Monday, June 1, 2009

Conscious Rappers vs Message Rappers

On the surface it sounds like there should be no difference, right? Let's look at the artists and compare some notes.

In 1982 Sugar Hill Records released the ground breaking classic "The Message" by Grandmaster Flash and the Furious Five. This was a song written by an obscure session musician named Ed Fletcher. At first Sugar Hill boss Sylvia Robinson wanted the song to be recorded by the Sugar Hill Gang. Thank God for Sylvia's ears cause that wouldn't have sounded right.

In fact, none of the Sugar Hill artists wanted to record it. Neither the Crash Crew or the Treacherous Three wanted to do it. I seriously doubt that she offered it to Sequence. I've been told by both Rahiem and Mele Mel that Sylvia Robinson
insisted that the band record that song or else.

After much hemming and hawing and leg and teeth pulling, the Furious Five as a unit recorded "The Message". But Sylvia didn't like it. She insisted that Mel and Ed Fletcher record the song together. The song became a classic. It is the first rap recording to be added tothe Library of Congress.

It was the impact of the record that I'm talking about right here though.

After "The Message" came out group after group made "message" type records that talked about unemployment, drugs, the insanity of ghetto life etc. It can be argued that the ripple effects of "The Message" were felt all the way up until 1989 when NWA released "Fuck tha Police".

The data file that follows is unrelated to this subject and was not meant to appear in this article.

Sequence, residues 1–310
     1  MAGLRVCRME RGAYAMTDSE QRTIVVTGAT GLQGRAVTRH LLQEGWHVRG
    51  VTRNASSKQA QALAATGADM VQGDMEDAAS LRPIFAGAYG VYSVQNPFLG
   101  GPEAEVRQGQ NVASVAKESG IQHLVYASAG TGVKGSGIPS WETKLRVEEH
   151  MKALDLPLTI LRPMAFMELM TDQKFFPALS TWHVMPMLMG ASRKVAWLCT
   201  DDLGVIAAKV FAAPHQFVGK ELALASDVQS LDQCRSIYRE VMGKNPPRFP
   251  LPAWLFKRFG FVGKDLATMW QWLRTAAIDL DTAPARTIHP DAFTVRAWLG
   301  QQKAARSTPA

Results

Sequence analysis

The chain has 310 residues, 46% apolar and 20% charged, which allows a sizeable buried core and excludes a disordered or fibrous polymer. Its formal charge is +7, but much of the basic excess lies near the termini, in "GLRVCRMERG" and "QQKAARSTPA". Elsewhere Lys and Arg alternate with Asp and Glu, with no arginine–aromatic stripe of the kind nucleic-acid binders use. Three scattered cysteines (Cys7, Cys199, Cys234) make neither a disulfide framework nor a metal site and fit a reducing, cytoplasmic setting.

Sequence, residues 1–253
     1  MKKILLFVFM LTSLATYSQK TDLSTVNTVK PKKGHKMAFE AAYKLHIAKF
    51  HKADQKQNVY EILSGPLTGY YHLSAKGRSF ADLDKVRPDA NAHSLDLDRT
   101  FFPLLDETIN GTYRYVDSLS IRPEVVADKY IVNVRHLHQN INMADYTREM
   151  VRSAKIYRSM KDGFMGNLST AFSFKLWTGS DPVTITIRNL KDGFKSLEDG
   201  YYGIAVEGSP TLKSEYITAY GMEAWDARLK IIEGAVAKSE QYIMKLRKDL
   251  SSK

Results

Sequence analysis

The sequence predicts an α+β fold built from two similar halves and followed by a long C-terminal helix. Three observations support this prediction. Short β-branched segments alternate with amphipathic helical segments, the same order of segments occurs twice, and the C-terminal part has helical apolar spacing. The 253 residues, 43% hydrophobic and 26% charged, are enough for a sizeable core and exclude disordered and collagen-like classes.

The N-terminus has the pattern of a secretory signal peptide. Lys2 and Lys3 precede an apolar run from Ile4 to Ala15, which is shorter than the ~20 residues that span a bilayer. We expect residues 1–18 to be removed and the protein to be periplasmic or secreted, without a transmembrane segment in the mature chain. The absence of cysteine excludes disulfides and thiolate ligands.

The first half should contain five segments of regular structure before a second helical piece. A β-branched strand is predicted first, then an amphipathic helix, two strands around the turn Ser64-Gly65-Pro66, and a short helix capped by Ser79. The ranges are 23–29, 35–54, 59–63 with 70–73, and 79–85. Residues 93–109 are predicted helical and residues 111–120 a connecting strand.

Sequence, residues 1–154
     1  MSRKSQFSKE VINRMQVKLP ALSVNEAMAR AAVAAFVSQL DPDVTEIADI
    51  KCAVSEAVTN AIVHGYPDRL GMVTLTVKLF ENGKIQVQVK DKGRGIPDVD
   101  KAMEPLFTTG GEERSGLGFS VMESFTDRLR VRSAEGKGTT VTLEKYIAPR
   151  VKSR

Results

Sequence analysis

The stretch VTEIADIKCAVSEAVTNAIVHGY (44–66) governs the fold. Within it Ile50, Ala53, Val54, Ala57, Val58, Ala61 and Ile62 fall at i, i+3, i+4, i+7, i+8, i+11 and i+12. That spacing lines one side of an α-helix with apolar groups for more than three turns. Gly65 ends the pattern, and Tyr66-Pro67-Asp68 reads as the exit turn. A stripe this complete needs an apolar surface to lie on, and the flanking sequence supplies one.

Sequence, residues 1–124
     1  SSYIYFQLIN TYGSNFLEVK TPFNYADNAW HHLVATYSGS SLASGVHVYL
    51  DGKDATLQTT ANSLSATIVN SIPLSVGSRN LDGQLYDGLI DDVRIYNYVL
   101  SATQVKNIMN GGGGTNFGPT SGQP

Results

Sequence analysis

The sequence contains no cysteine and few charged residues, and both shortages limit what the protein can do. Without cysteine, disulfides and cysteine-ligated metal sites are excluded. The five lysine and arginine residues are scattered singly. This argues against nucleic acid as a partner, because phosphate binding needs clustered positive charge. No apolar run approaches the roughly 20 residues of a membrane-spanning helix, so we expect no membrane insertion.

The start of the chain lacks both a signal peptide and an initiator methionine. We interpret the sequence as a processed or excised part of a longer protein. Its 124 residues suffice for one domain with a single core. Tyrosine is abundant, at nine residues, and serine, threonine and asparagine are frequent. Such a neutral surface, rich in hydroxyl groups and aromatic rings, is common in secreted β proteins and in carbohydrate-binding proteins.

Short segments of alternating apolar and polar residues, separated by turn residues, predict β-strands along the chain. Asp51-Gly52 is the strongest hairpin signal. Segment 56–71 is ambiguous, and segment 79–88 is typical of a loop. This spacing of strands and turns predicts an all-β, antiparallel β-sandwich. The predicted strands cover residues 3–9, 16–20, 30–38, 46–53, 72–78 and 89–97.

However, there is a difference between "Message" rap and "gangsta rap".

Who are some of the artists that recorded "Message raps?"

Twilight 22
Divine Sounds
Kurtis Blow
Fearless Four
Lovebug Starsky
Jeckyll and Hyde

There were others I just don't feel like writing out all of them. This ain't a library ya know.

Okay, 1987 the conscious era begins. For me it starts with Public Enemy. BDP didn't get "conscious" until the release of their second album "By Any Means Necessary". After that came X Clan, Paris, Def Jeff and so many other groups if they weren't wearing red, black and green then they were singing about red, black and green.

But they were doing "Message Rap". Somewhere, somehow, someone came along and made a difference between the two. When there wasn't. The only difference between the two was the use of Black Nationalist imagery.

All those groups did "The Message" over harder beats.

Why today aren't Kurtis Blow and Mele Mel called "conscious rappers?"

Post a Comment